THE DES MOINES REGISTER
BY: KIM NORVELL
All the declared candidates for president criticized the role of giant agribusinesses for advancing climate change, killing small towns and closing small- and medium-sized farms. Each pledged to reinforce or redesign America’s antitrust laws that would prevent large corporate mergers like Bayer-Monsanto’s, which gives the company control of a quarter of the world’s seeds and pesticides market.
“If we stifle competition through vertical integration or through monopolies like what we’re seeing, we’re not just going to bring up the prices for consumers, we’re going to stifle entrepreneurship,” Klobuchar said.
Earlier in the day, about 150 farmers from across the United States rallied for a Farmers Bill of Rights, a proposal that would give more power to small, independent farmers and less power to multinational corporations. They’re calling on Congress to pass a moratorium on corporate mergers.
Family farmers across Iowa have struggled, and even closed their operations, in the wake of ag mergers, which have created fewer buyers and less competition for independent farmers, said Chris Petersen, a specialty pig farmer from Clear Lake.
“They keep telling farmers ‘it’s going to be good for you,’ and quite frankly, I haven’t seen anything good about it yet,” he said. “The farmers are being turned into serfs on their own farms. They have all the responsibilities except getting a decent price.”
The 64-year-old has farmed near Clear Lake his whole life. At one point, Petersen raised 2,500 head of hog per year, farmed 400 acres of crops and bailed 8,000 squares of hay. But he declared bankruptcy after the market price of pork plummeted in the late 1990s.
Now he raises “a few hundred” Berkshire pigs that he sells to specialty stores and private buyers. He spends the rest of his time advocating for family farmers across the country as a board member of the Organization for Competitive Markets.
Petersen, a Democrat, said he’s pleased to see presidential candidates addressing rural issues this cycle.
“They’re talking more than ever about it this time around,” he said.
Here’s a look at other rural issues highlighted by candidates Saturday:
Access to mental health care
Suicide among agricultural workers is higher than any other occupation in the U.S., according to 2016 Census data. Meanwhile, eight rural Iowa hospitals have closed their psychiatric units in recent years.
Increasing investments in rural hospitals who can provide mental health care to farmers and ranchers could address that problem, most candidates said.
“We absolutely need a better conversation about how to prevent suicide by gun, but we also need to work on the stigma and the care that people can receive as they have suicidal thoughts and that goes to our health care policy and the investments that we make,” Castro said.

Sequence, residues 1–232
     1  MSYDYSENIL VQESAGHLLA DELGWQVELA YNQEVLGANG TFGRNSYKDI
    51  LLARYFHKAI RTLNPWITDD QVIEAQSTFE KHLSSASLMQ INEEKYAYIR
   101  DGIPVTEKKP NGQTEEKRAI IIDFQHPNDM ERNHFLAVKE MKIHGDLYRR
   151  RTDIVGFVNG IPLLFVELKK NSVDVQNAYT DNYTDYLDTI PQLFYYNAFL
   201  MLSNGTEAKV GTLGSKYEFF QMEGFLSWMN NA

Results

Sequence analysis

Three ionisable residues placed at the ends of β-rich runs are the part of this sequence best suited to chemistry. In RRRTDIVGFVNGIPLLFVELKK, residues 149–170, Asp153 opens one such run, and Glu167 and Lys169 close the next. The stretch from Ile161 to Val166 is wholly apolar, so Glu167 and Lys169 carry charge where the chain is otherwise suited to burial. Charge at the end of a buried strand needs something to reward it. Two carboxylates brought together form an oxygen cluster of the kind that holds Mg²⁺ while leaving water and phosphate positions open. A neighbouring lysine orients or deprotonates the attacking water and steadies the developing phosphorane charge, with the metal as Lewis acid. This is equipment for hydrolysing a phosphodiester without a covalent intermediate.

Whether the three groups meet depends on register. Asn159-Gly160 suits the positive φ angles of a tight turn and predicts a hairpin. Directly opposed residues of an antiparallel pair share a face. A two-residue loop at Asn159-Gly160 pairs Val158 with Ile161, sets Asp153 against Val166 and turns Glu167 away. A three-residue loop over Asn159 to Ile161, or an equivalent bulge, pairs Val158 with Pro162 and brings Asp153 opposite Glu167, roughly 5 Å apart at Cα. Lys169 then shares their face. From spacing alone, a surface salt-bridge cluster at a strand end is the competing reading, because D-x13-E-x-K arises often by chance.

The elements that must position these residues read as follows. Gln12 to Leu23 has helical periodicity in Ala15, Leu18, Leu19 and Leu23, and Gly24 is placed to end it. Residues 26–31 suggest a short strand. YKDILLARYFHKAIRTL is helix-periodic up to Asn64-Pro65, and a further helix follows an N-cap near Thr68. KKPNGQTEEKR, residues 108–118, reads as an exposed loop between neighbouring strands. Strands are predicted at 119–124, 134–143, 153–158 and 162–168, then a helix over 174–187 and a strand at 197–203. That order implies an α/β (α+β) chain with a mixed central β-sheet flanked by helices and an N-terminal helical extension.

Most candidates also called for gun reform, including comprehensive background checks, prohibiting access to persons on the terrorist watch list and closing loopholes that allow firearms to be transferred by licensed dealers before background checks are completed.
“And I say that as someone who hunts,” Ryan said.
Rural population decline
According to the latest Census data, Iowa added nearly 100,000 residents between 2010 and 2017 — but two-thirds of the state’s rural counties lost population during that same period.
“I believe that kids that grow up in rural America should be able to live in rural America, and that means a strong safety net in our Farm Bill,” said Klobuchar, who sits on the Senate Agriculture Committee.
She proposes making payments to small farmers through commodity caps, incentivizing beginning farmers and ranchers by creating a vaccine bank, strengthening rural hospitals and bringing broadband access to every home in America.
Warren said she would reduce the student loan debt burden so young people can choose to live in small towns instead of larger cities where wages are higher.
“We have to make investments in our people,” she said.
In the same vein, Castro said one way to encourage rural population growth is to be more welcoming to immigrants who want to live and work in the U.S. He pointed to the success of Storm Lake, where less than half of the city’s population is non-Hispanic white and 90 percent of the school district’s students are children of color.
Many of the city’s immigrants work in the local Tyson meatpacking plant, but also have opened cultural businesses like Mexican restaurants and ethnic grocery stores.
“I’m very proud of the story of Storm Lake in many ways. Y’all have shown other communities how it can be done,” Castro said. ” … Y’all have seen here in Storm Lake the value of the immigrant community.”
Delaney said he is pushing to pass immigration reform mirroring the 2013 Senate Immigration Bill that, among other things, would have created a path to legal status for undocumented immigrants. It passed in the U.S. Senate, but stalled in the House.
“It was a perfect deal in many ways. We should put our shoulder right behind that and get it passed,” he said. “Our country would be much better off today in so many ways if that law had passed.”
Foreign ownership of farmland
As laid out in a proposal released last week, Warren reiterated Saturday that “the rest of the country should follow Iowa’s lead” and prohibit the purchase of farmland by foreign entities.
More than 27.3 million acres of farmland is owned by foreign investors, the Midwest Center for Investigative Reporting found. Warren compared that to the size of Virginia.
“That not only creates a problem for farming communities and our food security, it creates a threat to the safety and the defense of the United States of America,” she said.